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Stop Giving Nonprofit Overhead a Bad Rap

written by: •edited by: Carly Stockwell•updated: 4/21/2015

Nonprofits can't change the world unless they take care of themselves first, which means having enough overhead to properly pay their employees and take care of other essential needs. Here's why nonprofit overhead is important and necessary.

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    Stop Giving Nonprofit Overhead a Bad Rap If you’ve ever set foot on a plane, you probably remember the flight attendant going through the emergency checklist. She showed you how to undo a seatbelt, use the provided life raft and, of course, secure your own oxygen mask before assisting others.

    Similarly, a nonprofit can’t change the world if it doesn’t take care of itself first — whether that’s updating its technology or paying its staff appropriately. Yet not everyone recognizes this concept. As a potential benefactor, you most likely look at various elements to determine where to donate, but it’s easy to have an especially judicious eye when it comes to a nonprofit’s overhead costs.

    And who can blame you? After all, you want your funds to go directly toward the cause. The problem is that gauging a nonprofit’s worthiness based on a single metric that has no direct connection to its success will actually have an adverse effect on its purpose.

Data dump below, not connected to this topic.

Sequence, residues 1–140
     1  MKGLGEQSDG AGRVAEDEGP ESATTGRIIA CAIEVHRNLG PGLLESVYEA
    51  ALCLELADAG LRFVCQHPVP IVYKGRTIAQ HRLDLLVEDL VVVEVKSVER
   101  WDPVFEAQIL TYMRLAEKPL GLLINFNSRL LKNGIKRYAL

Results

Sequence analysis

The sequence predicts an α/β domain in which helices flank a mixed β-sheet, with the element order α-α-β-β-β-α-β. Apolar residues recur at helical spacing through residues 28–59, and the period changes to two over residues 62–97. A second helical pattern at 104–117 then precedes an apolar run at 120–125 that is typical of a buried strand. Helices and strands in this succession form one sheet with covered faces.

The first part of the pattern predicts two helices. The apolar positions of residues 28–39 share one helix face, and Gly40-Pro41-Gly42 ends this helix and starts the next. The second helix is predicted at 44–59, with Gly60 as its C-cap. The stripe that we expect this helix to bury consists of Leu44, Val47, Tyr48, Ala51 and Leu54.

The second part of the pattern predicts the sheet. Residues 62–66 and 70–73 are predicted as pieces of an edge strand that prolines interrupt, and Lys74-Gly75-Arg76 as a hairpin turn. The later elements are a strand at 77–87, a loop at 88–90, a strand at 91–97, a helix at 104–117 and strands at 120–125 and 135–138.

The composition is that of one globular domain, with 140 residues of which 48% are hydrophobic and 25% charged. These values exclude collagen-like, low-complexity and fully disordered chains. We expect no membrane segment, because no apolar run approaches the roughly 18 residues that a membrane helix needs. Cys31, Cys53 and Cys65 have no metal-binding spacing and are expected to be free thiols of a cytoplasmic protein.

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    Don't Judge a Nonprofit by its Overhead

    At their core, nonprofits are businesses, too. The differences are that their profits are measured in lives changed, and their donors and investors require results instead of dividends. Just like any business, nonprofits need a strong infrastructure to survive and thrive in the competitive marketplace.

    When you choose to withhold your donation because of a nonprofit’s overhead costs, you’re essentially telling it that you won’t pay for salaries, modern technology or building maintenance. But how can you hold a nonprofit to a higher standard without giving it the resources to reach that benchmark?